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The Tree of Life [Blu-ray]
(Terrence Malick, 2011)
Review by Gary Tooze
Theatrical: Cottonwood Pictures
Video: 20th Century Fox / Criterion Collection - Spine # 942
Region: FREE!/ Region 'A'-locked (as verified by the Region FREE modified Oppo)
Runtime: 2:18:54.325 / Theatrical: 2:19:05.003 / Extended: 3:08:41.310
Disc Size: 49,346,793,140 bytes / Th: 48,220,568,321 bytes / Extended: 49,867,188,441 bytes
Feature Size: 43,112,325,120 bytes / Th: 37,304,137,728 bytes / Extended: 49,651,857,408 bytes
Video Bitrate: 33.72 Mbps / 30.45 Mbps / 30.00 Mbps
Chapters: 25/ 22 (both)
Case: Standard Blu-ray case/ Transparent case
Release date: October 11th, 2011 / August 28th, 2018
Aspect ratio: 1.85:1
Resolution: 1080p / 23.976 fps
Video codec: MPEG-4 AVC Video
DTS-HD Master Audio English 5306 kbps 7.1 / 48 kHz / 5306 kbps / 24-bit (DTS Core: 5.1 / 48 kHz / 1509 kbps / 24-bit)
Dolby Digital Audio English 224 kbps 2.0 / 48 kHz / 224 kbps / Dolby Surround
Th: DTS-HD Master Audio English 3498 kbps 5.1 / 48 kHz / 3498 kbps / 24-bit (DTS Core: 5.1 / 48 kHz / 1509 kbps / 24-bit)
Extended: DTS-HD Master Audio English 3295 kbps 5.1 / 48 kHz
/ 3295 kbps / 24-bit (DTS Core: 5.1 / 48 kHz / 1509 kbps /
English (SDH), Spanish, none / English (SDH), none
•Exploring The Tree of Life (29:56 in 1080P)
•'Theatrical Trailer (2:08 in 1080P)
Separate DVD disc and Digital copy disc included
extended version of the film featuring an additional fifty
minutes of footage
Description: The impressionistic story of a Texas family in the 1950s. The film follows the life journey of the eldest son, Jack, through the innocence of childhood to his disillusioned adult years as he tries to reconcile a complicated relationship with his father (Brad Pitt). Jack (played as an adult by Sean Penn) finds himself a lost soul in the modern world, seeking answers to the origins and meaning of life while questioning the existence of faith.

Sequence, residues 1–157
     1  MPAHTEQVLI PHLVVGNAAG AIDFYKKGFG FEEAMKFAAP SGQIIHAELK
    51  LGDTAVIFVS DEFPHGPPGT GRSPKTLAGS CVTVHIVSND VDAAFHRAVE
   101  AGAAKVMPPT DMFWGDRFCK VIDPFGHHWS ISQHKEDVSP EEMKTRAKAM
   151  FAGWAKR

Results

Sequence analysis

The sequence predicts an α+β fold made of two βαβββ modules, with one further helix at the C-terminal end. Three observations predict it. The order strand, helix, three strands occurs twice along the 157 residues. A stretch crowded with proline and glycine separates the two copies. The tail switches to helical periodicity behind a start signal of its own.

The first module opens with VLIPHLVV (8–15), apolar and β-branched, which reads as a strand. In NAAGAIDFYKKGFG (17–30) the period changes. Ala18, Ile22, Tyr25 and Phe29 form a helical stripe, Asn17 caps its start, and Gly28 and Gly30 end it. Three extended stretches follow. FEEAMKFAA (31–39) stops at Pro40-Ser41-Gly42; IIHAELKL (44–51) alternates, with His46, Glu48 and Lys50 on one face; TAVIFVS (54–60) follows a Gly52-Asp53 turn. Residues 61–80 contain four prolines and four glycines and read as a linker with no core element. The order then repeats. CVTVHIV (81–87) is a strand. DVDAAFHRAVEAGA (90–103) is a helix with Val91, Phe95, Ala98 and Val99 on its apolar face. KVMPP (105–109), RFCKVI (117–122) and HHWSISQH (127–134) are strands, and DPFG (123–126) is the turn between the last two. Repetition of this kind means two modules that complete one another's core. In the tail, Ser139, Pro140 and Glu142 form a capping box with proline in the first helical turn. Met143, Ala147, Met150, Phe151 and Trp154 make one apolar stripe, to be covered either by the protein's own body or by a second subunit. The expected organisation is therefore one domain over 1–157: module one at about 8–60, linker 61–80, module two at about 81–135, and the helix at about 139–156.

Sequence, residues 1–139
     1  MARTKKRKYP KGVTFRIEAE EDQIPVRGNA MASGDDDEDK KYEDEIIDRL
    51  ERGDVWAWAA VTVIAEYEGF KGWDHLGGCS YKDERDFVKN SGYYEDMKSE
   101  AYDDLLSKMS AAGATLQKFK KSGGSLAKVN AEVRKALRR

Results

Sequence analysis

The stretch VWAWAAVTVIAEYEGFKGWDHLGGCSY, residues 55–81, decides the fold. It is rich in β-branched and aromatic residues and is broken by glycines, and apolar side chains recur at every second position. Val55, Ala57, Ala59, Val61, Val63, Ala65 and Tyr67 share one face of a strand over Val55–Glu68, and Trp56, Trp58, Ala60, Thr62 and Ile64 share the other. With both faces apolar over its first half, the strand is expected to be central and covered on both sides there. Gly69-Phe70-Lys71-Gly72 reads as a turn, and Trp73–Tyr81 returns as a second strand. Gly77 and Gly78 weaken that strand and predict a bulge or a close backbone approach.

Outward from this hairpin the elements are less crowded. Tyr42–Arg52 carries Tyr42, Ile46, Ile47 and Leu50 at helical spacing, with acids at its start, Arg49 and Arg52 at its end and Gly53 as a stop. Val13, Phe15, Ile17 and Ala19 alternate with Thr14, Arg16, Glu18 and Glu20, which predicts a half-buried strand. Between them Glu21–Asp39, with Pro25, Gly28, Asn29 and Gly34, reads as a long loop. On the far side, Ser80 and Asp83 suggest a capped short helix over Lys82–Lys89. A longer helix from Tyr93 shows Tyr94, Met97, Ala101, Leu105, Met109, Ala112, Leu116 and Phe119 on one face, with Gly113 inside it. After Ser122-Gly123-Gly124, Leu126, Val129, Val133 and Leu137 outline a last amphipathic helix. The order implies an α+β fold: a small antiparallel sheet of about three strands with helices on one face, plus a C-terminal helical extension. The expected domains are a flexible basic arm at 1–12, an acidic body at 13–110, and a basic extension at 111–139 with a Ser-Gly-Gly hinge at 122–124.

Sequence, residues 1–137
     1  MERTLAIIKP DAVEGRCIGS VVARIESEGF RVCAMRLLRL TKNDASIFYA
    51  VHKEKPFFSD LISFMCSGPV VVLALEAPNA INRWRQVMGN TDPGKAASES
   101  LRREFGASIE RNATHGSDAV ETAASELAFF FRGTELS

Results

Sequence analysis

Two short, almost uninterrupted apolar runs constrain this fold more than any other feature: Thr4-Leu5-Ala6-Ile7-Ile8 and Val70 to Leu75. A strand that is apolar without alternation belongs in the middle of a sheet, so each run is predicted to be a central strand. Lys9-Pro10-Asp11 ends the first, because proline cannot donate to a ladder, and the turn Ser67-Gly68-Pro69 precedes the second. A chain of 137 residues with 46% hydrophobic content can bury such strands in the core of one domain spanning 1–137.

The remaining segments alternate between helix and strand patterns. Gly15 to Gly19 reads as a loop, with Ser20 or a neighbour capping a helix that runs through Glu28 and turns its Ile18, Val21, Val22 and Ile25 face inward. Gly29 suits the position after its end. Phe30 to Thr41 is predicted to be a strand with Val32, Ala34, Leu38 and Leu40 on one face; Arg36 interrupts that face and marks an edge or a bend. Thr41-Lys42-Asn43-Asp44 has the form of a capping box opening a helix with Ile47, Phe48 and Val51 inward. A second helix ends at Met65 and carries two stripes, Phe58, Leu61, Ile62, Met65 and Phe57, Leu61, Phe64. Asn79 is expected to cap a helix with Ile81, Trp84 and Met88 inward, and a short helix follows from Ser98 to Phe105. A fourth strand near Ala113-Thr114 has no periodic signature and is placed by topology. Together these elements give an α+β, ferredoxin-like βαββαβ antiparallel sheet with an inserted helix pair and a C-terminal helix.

Four decades into an already legendary career, Terrence Malick realized his most rapturous vision to date, tracing a story of childhood, wonder, and grief to the outer limits of time and space. Reaching back to the dawn of creation, Malick sets a story of boyhood memories on a universal scale, charting the coming of age of an awestruck child (newcomer Hunter McCracken) in Texas in the 1950s, as he learns to navigate the extremes of nature and grace represented by his bitter, often tyrannical father (Brad Pitt) and his ethereal, nurturing mother (Jessica Chastain, in her breakout role). Shot with nimble attention to life’s most fleeting moments by Emmanuel Lubezki, the Palme d’Or–winning The Tree of Life marks the intimately personal, cosmically ambitious culmination of Malick’s singular approach to filmmaking.
There are very few films I can think of that convey the changing interior weather of a child’s mind with such fidelity and sensitivity. Nor are there many that penetrate so deeply into the currents of feeling that bind and separate the members of a family. So much is conveyed — about the tension and tenderness within the O’Brien marriage, about the frustrations that dent their happiness, about the volatility of the bonds between siblings — but without any of the usual architecture of dramatic exposition. One shot flows into another, whispered voice-over displaces dialogue, and an almost perfect domestic narrative takes shape, anchored in three extraordinarily graceful performances: Mr. Pitt, Ms. Chastain and, above all, Hunter McCracken, a first-timer who brings us inside young Jack’s restless, itching skin.Excerpt from A.O. Scott at the NY Times located HERE
Throughout his magnum opus The Tree of Life, Terrence Malick
hopscotches between past and present, from the birth of our planet to a
slice of '50s Americana, where a young boy is shaped by his mother's
"grace" and his father's "nature"—opposing influences that will
continue, for time immemorial, to course and pummel their way through
his consciousness with the force of an exploding supernova. He is, like
all of us, less than a blip in the universe's timeline, and for the